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After Abigail's response, I realized that of my 3 optimization methods, only 1 of them worked correctly according to the docs for each. perldoc -f each says that it is safe to delete the last key visited while iterating over the keys in an each loop.

It was easy to go from 1/3 to 2/3 working by simply changing the "optimization" for delete. This only left the exponential loop to deal with. The reason for this optimization was to save memory (an extra array and hash).

Since the foreach loop constructs a list the same size as the array anyway, the only real saving of this method was not using the lookup hash. I figured out a way to:

  • Drop the (n2 + n)/2 loop by avoiding the lookup hash
  • Make the code cleaner
  • Function properly (I hope)
  • Be more memory/speed efficient
    #!/usr/bin/perl -w package Tie::SortedHash; use strict; use Carp; use constant HASH => 0; use constant INDEX => 1; use constant ARRAY => 2; use constant SORT => 3; use constant CHANGED => 4; use constant OPT => 5; our $VERSION = '1.00'; sub TIEHASH { my $class = shift; croak "Incorrect number of parameters" if @_ % 2; my %options = @_; my $self = bless [], $class; $self->_Build(\%options); return $self; } sub FETCH { my($self, $key) = @_; $self->[HASH]{$key}; } sub STORE { my($self, $key, $value) = @_; $self->[HASH]{$key} = $value; $self->[CHANGED] = 1; } sub EXISTS { my($self, $key) = @_; exists $self->[HASH]{$key}; } sub DELETE { my($self, $key) = @_; delete $self->[HASH]{$key}; $self->[CHANGED] = 1; } sub FIRSTKEY { my $self = shift; $self->_ReOrder if ! $self->[OPT] || $self->[CHANGED]; $self->[INDEX] = -1; $self->_Iterate; } sub NEXTKEY { my ($self, $lastkey) = @_; $self->_Iterate($lastkey); } sub CLEAR { my $self = shift; $self->[HASH] = {}; $self->[CHANGED] = 1; } sub DESTROY { } sub _Build { my ($self, $opt) = @_; my $sort = exists $opt->{SORT} ? $opt->{SORT} : sub { my $hash = shift; sort {$a cmp $b || $a <=> $b} keys %$hash; }; $self->sortroutine($sort); my $hash = exists $opt->{HASH} ? $opt->{HASH} : {}; croak "$hash is not a hash ref" if ref $hash ne 'HASH'; @{$self->[HASH]}{keys %$hash} = values %$hash; $self->[OPT] = $opt->{OPT} if exists $opt->{OPT}; } sub _ReOrder { my $self = shift; @{$self->[ARRAY]} = $self->[SORT]($self->[HASH]); $self->[CHANGED] = 0; } sub _Iterate { my ($self, $lastkey) = @_; $self->[INDEX]++; $self->[ARRAY][$self->[INDEX]]; } sub sortroutine { my($self, $sort) = @_; croak "$sort is not a code ref" if ref $sort ne 'CODE'; $self->[SORT] = $sort; $self->[CHANGED] = 1; } 1; __END__ =head1 NAME Tie::HashSort - Perl module to get hash keys in a sorted order =head1 SYNOPSIS use Tie::HashSort; my %hash = ( 'John' => 33, 'Jacob' => 29, 'Jingle' => 15, 'Heimer' => 48, 'Smitz' => 12, ); my $sort = sub { my $hash = shift; sort {$hash->{$b} <=> $hash->{$a}} keys %$hash; }; tie my %sorted_hash, 'Tie::SortedHash', 'HASH' => \%hash, 'SORT' = +> $sort, 'OPT' => 1; for my $name ( keys %sorted_hash ) { print "$name is $hash{$name} ears old.\n"; } ### OUTPUT ### Heimer is 48 ears old. John is 33 ears old. Jacob is 29 ears old. Jingle is 15 ears old. Smitz is 12 ears old. =head1 DESCRIPTION This module is a designed to retrieve hash keys in a pre-defined sorte +d order. It is often frustrating to have a hash return elements in a seemingly +random order when using C<keys()>, C<values()> or C<each()>.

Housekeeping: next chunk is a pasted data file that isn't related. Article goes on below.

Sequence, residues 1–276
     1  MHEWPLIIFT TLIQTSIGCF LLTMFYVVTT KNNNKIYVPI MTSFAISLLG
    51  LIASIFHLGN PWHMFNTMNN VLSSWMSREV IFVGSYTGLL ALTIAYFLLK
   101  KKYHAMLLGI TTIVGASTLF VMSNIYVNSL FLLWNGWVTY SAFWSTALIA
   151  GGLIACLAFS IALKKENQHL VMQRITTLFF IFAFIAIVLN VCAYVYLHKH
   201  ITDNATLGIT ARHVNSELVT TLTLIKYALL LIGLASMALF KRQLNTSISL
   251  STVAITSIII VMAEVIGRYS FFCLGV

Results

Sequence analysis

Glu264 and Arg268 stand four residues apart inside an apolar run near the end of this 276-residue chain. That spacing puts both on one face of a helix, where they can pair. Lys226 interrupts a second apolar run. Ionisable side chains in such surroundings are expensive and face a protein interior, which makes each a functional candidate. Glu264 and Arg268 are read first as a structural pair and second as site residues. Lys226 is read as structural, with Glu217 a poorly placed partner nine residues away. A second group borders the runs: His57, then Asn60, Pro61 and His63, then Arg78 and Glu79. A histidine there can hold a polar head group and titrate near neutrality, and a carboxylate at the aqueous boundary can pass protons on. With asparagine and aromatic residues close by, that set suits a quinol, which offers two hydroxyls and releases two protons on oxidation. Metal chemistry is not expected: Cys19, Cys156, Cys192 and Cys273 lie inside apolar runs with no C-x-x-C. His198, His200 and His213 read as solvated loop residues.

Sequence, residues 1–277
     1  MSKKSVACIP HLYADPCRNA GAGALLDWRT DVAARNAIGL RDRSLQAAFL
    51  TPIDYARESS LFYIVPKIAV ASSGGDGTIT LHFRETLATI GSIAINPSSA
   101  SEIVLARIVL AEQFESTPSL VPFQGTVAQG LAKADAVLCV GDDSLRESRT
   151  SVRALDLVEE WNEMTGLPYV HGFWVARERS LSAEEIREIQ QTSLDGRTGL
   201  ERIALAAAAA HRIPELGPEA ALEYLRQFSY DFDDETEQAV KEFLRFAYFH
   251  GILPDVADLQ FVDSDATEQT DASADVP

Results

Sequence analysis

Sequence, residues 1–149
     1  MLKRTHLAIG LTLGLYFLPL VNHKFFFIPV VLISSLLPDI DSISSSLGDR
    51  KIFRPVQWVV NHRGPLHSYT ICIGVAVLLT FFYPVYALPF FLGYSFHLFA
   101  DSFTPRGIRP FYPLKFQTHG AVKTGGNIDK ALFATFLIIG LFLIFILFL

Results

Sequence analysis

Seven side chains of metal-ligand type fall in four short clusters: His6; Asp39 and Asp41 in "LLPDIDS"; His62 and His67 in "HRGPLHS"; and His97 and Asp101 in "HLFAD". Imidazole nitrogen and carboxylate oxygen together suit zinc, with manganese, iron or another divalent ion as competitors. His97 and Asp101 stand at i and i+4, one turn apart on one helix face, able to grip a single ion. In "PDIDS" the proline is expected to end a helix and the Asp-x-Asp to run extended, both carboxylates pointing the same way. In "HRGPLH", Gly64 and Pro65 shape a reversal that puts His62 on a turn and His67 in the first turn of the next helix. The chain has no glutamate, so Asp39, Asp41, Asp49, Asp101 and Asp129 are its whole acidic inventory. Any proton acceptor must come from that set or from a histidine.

Cheers - L~R


    In reply to Re: Any Point in Uploading Tie::SortedHash by Limbic~Region
    in thread Any Point in Uploading Tie::SortedHash by Limbic~Region

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